'In late 1963, Rodney Hall – an aspiring but unpublished poet and novelist – travelled through Greece’s Saronic islands with his wife and their infant daughter. Shortly after Christmas they found themselves on the island of Hydra, where they fell into the company of expatriate Australian writers George Johnston and his wife Charmian Clift, whose time on the island was drawing to a close after nearly a decade. The Johnstons, their marriage precariously holding together amid a ruinous trail of alcohol, infidelity, and public brawling, did as they had done so often before – cast aside their personal troubles and embraced their fellow Australians with immense personal warmth, hospitality, and charisma. As Hall remembers, ‘they were lovely, they were so warm, and welcoming, and funny and clever, and it was just instant friendship, we just loved them.’' (Introduction)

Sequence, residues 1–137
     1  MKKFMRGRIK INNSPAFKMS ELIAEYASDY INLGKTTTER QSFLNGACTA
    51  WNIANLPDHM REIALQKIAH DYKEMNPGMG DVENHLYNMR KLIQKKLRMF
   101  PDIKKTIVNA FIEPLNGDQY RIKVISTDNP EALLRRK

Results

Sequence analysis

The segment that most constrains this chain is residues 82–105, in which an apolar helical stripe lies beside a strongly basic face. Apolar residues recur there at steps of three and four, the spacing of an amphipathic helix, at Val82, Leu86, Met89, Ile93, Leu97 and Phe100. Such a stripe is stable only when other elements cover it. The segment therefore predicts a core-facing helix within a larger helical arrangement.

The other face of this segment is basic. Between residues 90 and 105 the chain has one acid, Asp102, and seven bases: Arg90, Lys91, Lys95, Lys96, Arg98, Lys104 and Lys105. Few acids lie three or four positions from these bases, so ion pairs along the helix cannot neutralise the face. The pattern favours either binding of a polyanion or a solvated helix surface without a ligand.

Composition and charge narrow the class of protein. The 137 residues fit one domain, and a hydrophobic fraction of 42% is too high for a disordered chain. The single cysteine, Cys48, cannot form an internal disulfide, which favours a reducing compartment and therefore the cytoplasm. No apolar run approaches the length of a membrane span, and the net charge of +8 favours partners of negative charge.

A Tear in the Soul is a fine example of creative non-fiction that unfolds a personal story but also advances our knowledge of Australian society, past and present. It is a nuanced contribution to the growing body of literature in which contemporary non-Indigenous Australians attempt to make sense of the history of white settlement and take responsibility for our own complicity in the past and current treatment of Indigenous peoples. In combining a personal quest to reconnect to her past with an exploration of 1960s Kalgoorlie and a moral self-examination, Webster has written a book in which story and idea interweave to engage and move us, even while we are forced to confront disturbing material.
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